Stir (1980, Australia)
An account of the 1974 Bathurst riot, and the best Australian prison movie by quite a distance.
Written by Bob Jewson, who was a prisoner (albeit in the minimum security section, away from the main action) during the riot, and shot in SA’s Gladstone Gaol, it has an authentic 1970s prison feel. It stars Bryan Brown as ‘China’ Jackson, who had been at the prison (renamed Gatunga for the film) three years earlier, and who had been on the receiving end of the brutality and had later spoken to the media upon his release about the beatings which followed an abortive protest. When he returns to the same gaol on a short, six-month term, the prison officers are waiting for him (keen to hold him to account for his public outspokenness) and the prisoners are in desperate need of a leader in their ongoing fight against the regime.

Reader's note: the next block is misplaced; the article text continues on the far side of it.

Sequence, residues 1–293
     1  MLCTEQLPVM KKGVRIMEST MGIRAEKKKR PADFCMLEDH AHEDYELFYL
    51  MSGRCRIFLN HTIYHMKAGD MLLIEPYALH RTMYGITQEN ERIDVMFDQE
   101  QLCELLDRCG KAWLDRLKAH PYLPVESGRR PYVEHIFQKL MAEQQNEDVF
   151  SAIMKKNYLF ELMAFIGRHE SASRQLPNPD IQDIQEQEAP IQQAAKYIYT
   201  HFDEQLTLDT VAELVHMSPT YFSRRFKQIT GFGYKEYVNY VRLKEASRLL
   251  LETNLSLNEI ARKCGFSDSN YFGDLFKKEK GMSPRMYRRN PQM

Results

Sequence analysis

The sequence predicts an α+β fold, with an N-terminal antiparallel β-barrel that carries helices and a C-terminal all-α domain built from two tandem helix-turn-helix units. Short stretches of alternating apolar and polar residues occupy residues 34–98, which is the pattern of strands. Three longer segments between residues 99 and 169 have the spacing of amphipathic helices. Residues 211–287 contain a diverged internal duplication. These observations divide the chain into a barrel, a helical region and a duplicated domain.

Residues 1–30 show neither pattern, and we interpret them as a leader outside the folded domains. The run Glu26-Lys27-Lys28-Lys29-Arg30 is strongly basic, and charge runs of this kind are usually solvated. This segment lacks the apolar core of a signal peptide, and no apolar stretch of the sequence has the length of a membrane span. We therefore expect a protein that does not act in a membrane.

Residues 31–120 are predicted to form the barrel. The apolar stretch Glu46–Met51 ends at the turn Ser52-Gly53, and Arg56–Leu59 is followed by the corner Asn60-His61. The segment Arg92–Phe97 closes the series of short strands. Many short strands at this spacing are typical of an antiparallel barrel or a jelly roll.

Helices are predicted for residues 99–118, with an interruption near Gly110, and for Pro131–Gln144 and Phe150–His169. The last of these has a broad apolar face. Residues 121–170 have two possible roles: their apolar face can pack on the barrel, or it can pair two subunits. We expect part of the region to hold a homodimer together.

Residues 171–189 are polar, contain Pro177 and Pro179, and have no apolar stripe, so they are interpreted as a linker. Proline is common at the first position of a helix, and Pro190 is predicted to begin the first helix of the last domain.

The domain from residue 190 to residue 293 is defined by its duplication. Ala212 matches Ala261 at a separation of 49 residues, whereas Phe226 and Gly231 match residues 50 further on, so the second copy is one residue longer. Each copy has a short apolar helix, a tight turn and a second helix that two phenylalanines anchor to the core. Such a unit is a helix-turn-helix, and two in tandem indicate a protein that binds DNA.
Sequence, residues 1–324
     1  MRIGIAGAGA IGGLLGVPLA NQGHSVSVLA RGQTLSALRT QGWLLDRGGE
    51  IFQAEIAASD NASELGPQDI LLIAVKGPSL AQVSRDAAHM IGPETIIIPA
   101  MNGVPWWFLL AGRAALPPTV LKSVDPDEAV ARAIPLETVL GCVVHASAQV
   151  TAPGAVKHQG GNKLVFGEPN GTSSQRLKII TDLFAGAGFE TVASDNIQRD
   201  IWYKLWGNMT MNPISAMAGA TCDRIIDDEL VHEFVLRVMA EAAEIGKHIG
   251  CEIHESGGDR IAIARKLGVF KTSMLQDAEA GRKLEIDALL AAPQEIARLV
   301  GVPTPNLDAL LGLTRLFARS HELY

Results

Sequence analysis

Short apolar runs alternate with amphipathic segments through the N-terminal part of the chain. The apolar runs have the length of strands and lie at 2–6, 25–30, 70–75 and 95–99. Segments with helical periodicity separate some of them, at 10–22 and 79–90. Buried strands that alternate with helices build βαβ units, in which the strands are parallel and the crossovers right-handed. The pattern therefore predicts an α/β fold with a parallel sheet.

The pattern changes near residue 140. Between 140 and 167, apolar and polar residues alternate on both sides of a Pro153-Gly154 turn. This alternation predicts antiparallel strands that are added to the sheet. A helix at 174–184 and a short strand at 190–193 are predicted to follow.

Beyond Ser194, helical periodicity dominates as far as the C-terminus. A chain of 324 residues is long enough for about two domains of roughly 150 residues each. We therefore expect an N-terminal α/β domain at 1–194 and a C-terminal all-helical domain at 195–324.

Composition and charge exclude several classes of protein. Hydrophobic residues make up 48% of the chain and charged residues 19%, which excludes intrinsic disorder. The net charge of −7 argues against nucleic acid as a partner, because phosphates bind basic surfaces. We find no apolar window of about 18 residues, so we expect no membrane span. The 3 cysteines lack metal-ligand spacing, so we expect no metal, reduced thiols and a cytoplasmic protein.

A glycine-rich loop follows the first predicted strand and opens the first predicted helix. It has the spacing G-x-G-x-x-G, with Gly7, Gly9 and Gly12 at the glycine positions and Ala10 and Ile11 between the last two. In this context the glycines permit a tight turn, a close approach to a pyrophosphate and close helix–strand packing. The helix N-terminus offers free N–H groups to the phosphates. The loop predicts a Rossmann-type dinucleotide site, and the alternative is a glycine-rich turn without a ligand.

The film works because in addition to the unsettling violence and the mounting tension, there are credible characters and some powerful sub-plots: the battle Jackson has in wanting to stand and fight, but knowing that he places his short sentence at risk; the troubled, vulnerable officer Norton (Max Phipps), who is ashamed at his involvement in the brutality three years earlier, but whose apology Jackson steadfastly refuses to accept, and who is shunned by his colleagues as soft and a ‘crim-lover’; and Redford (Dennis Miller), a nuggetty heterosexual mate of Jackson’s who is constantly on the prowl for young men to share his bed. The film shows clearly why the riot was ‘necessary’ in the prisoners’ eyes – to stop the beatings, the constant provocation, the arbitrary use of punishments for minor offences, the regular breaking of ‘no reprisals’ promises – but also offers an almost-plausible explanation for the conduct of the officers, who believed that the only way to ‘stay on top’ of the prisoners was to keep them in a position of fear. But the film doesn’t excuse the officers and is particularly damning of the Governor’s failures to acknowledge the issues or do anything positive about them. A strong film with some standout performances.
Posted on May 2nd, 2009 at 12:29 am. Updated on August 29th, 2019 at 8:44 pm.
#12 in the Top 500